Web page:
Ellis is a very gifted writer, often a shrewdpsychologist, and has the self-confidence to offer refreshingly brisk andpersuasive judgments. On occasion, usually when a minor character is beingdescribed, he can be a little reckless and wander beyond strict evidence,because tempted by the eye-catching phrase. (Calling their daughter-in-lawLouisa Catherine Adams “a delicate orchid” prone to collapsing into “heapsof sobbing insecurity” is one instance.) On the whole, Ellis is a partisanof the Adams pair and, when he can, gives them the benefit of the doubt. Forinstance, his account of the death of their alcoholic rake of a son, Charles,ends on a kindly note about Abigail’s grief and quietly ignores the bleak factthat his parents refused to allow Charles to be buried in the family vault inQuincy. Such a partisanship occasionally strays into hyperbole, thoughadmittedly the book’s opening gambit—”some would say [the Adamses are] thepremier husband-and-wife team in all American history”—is coy. The claimsthat John Adams was “one of the master letter writers” of his age andthat there was “a seamless symmetry between them that made conflictingconvictions virtually impossible” is, however, far from coy and seemdoubtful, an unnecessary gilding of the lily. Still, Ellis’s partisanship isnot relentless, a fact which—along with his urbane command of late eighteenth-centurypolitics—comfortably saves his book from the peril of becoming a discursiveHallmark card, sent to mark the Adamses’ umpteenth wedding anniversary. He is,for example, scathing about John in the immediate aftermath of the presidency,when he is described as a loopy “one-man bonfire of vanities,” andEllis recognizes that the extended Adams family was sometimes “dysfunctional,”with sufficient lost souls to cast a play by Eugene O’Neill.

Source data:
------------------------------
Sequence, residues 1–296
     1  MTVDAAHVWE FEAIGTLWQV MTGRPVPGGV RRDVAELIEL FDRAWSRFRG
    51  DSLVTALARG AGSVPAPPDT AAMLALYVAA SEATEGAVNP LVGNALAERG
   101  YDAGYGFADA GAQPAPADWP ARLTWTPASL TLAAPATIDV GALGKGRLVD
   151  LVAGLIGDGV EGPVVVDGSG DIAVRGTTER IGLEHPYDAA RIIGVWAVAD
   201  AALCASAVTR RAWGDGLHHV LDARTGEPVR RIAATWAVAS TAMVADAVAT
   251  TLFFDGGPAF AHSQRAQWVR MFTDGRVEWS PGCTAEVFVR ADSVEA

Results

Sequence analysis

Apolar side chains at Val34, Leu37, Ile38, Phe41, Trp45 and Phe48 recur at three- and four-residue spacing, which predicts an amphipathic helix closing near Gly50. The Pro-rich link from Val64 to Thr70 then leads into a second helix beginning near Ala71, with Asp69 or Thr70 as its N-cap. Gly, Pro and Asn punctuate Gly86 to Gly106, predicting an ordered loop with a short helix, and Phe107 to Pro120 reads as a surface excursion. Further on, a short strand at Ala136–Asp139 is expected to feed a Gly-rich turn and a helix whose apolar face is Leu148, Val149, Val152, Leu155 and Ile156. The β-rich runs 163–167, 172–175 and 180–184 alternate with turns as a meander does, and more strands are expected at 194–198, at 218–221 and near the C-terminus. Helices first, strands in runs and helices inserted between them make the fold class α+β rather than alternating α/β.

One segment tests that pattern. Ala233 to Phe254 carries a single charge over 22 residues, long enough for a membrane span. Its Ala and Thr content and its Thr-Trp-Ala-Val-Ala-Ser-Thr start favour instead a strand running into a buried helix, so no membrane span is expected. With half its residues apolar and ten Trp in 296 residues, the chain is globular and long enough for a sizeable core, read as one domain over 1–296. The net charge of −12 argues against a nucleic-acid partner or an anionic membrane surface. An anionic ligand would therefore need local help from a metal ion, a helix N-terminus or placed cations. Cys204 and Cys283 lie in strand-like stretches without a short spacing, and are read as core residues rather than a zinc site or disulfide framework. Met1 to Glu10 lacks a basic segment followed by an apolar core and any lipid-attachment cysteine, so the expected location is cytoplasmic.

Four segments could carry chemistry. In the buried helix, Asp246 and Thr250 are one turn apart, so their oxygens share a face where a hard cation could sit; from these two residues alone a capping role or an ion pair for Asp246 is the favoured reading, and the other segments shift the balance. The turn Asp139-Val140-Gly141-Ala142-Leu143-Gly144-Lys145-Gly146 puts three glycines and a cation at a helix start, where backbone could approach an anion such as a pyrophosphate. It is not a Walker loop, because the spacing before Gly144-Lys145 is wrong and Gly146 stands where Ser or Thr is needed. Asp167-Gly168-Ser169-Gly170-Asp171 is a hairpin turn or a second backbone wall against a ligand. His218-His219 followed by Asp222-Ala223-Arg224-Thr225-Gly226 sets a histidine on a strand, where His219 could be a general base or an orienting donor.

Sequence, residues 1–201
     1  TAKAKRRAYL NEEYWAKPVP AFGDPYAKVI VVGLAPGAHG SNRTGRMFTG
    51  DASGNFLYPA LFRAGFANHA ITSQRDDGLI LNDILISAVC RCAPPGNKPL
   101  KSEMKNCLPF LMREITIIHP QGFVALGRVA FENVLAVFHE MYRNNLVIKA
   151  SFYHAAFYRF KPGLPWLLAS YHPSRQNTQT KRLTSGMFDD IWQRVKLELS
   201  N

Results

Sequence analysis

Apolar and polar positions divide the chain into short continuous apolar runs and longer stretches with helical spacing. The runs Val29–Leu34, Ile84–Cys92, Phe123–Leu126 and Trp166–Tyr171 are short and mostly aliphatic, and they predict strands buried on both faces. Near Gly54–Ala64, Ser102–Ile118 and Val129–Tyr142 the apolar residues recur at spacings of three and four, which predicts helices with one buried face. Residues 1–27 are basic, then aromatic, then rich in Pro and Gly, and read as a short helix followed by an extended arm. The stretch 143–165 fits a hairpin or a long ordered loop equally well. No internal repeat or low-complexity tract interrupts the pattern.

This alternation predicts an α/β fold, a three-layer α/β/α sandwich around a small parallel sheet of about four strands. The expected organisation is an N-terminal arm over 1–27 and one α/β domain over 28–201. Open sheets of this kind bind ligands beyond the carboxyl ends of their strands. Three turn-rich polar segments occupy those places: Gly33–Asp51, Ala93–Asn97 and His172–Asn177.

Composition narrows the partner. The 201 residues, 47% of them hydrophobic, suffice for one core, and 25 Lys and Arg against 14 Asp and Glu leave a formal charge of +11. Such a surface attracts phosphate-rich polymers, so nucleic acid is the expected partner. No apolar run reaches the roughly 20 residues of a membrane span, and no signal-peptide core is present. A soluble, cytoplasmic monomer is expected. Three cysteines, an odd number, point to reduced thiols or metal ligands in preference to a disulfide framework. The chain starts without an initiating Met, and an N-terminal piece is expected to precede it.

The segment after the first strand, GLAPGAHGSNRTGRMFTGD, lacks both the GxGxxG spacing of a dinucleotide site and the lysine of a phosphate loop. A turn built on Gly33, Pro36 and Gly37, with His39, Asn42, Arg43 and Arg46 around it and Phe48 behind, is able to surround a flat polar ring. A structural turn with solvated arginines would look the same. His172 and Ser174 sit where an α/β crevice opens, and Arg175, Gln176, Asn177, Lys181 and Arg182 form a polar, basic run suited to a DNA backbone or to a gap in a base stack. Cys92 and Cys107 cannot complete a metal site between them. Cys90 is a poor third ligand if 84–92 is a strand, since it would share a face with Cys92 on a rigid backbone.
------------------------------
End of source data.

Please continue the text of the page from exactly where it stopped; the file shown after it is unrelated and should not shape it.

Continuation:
So, the question necessarilyarises: if a reader goes into a bookshop and sees Gelles and Ellis side by sideon a table, which is the better choice? Their dust jackets are virtuallyidentical, so aesthetics do not help, except that Ellis has the larger and moreelegant typeface. On the whole, it strikes me as a matter of taste. If you caremore for Abigail and precise scholarship, Gelles is probably the better choice.If you care more for John and literary verve, pick up a copy of Ellis. Eitheror both would serve you well.
Michael O’Brien is Professor of AmericanIntellectual History at the University of Cambridge. He is the author of Conjecturesof Order: Intellectual Life and the American South, 1810-1860 (2004),which won the Bancroft Prize and was a Nominated Finalist for the PulitzerPrize, and most recently of Mrs. Adams in Winter: A Journey in the LastDays of Napoleon (2010).